Cambodia is a country steeped in centuries of history, and that history has left behind tons of beautiful ruins and artifacts, most notably the national symbol of Cambodia, Angkor Wat.
However, Cambodia is also a country that has been engulfed in violence for the last century, which has left its own legacy behind. Here are some of the best historical sites and monuments to the victims of various conflicts around Phnom Penh you can see with your Cambodia visa
The Silver Pagoda is a 19th-century temple that currently houses some of the countries national treasures, such as Buddha statues made out of gold and jewels, and is one of the best Cambodia tourism attractions available. Some of the highlights that you can see there include a small baccarat crystal Buddha that dates from the 17th century and a life-sized Buddha crafted from gold and decorated with 9,582 diamonds. Additionally, the interior is painted with a beautifully colored and highly detailed mural painted around the turn of the century by 40 Khmer artists.
The National Museum of Phnom Penh is a great way to introduce yourself to Cambodia tourism and history. Featuring wonderful artifacts both from the famed Angkor Wat and outside of it, the National Museum has a wonderful collection of stone statues created with painstaking craftsmanship. The museum is designed around a beautiful, calm courtyard so you can take your time as you explore the objects on display.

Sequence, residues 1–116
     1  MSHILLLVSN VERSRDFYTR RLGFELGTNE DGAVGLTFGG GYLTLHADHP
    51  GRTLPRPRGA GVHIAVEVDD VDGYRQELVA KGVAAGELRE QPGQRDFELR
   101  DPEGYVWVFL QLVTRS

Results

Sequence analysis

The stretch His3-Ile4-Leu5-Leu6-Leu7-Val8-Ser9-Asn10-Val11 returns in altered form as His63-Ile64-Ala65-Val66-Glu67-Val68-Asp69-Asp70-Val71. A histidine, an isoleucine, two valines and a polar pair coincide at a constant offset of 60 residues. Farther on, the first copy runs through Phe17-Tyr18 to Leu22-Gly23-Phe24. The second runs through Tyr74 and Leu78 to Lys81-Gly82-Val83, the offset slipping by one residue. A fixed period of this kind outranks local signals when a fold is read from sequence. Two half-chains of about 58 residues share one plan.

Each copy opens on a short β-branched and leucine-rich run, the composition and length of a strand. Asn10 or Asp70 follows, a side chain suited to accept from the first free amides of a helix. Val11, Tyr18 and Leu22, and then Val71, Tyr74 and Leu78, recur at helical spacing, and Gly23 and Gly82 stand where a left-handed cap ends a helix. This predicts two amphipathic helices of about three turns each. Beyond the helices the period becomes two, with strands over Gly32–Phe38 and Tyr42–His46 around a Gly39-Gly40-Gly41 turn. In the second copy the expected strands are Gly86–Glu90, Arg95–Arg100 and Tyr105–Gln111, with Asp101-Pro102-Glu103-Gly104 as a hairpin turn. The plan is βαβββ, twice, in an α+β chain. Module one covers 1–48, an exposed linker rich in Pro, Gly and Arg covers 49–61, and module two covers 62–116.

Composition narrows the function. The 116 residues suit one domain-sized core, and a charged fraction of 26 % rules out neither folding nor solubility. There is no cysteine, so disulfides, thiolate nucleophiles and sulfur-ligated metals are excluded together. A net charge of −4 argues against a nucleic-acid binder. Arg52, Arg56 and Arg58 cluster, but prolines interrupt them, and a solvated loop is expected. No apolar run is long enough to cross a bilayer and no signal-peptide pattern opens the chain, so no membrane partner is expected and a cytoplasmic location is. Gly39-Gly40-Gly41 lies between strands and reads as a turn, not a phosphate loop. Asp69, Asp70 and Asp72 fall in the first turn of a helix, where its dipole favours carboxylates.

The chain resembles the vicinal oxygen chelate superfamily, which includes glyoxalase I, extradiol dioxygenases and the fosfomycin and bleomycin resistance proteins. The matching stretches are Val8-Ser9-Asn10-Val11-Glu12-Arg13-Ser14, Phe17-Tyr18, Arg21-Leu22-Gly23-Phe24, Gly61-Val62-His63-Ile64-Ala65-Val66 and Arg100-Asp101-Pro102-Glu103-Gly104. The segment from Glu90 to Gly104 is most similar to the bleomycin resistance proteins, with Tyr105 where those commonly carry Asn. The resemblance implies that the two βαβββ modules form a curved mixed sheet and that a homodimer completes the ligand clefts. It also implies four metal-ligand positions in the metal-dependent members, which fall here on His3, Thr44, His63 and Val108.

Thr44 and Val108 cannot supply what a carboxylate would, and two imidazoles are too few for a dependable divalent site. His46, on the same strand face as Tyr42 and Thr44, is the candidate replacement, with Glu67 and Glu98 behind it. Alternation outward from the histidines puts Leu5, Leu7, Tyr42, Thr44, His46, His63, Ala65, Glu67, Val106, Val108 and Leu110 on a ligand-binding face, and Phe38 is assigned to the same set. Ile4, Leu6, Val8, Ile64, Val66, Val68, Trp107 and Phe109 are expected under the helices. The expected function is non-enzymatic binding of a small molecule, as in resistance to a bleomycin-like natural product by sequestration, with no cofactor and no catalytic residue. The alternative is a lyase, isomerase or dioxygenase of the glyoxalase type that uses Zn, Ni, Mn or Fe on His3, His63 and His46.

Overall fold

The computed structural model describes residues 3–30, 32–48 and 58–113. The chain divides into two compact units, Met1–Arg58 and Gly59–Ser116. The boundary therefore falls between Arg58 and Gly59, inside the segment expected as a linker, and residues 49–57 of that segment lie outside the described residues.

Located just north of Phnom Penh, Silk Island is home to a bunch of small villages where silk weavers practice traditional methods of silk weaving and is great way to experience the authentic site a Cambodia visa can open up to you. The silk weavers have a reputation for friendliness and welcome visitors to learn more about their intricate craft. Also, the cloth that they are weaving is all for sale, and at much cheaper rates than you would encounter in a market. Silk Island is also a great place to go swimming and spend a hot day in the great Cambodian outdoors.
This monument stands as a reminder of the violence the Cambodian people had to endure at the hands of the Khmer Rouge. Built on the site of the famous Killing Fields, more than one million people were executed and buried here during the violence that defined the Khmer Rouge’s rule. The monument is marked by a Buddhist stupa that is filled with over 5000 human skulls recovered from the mass graves. A frightening reminder of Cambodia’s violent past but an important way to honor the victims of the conflict.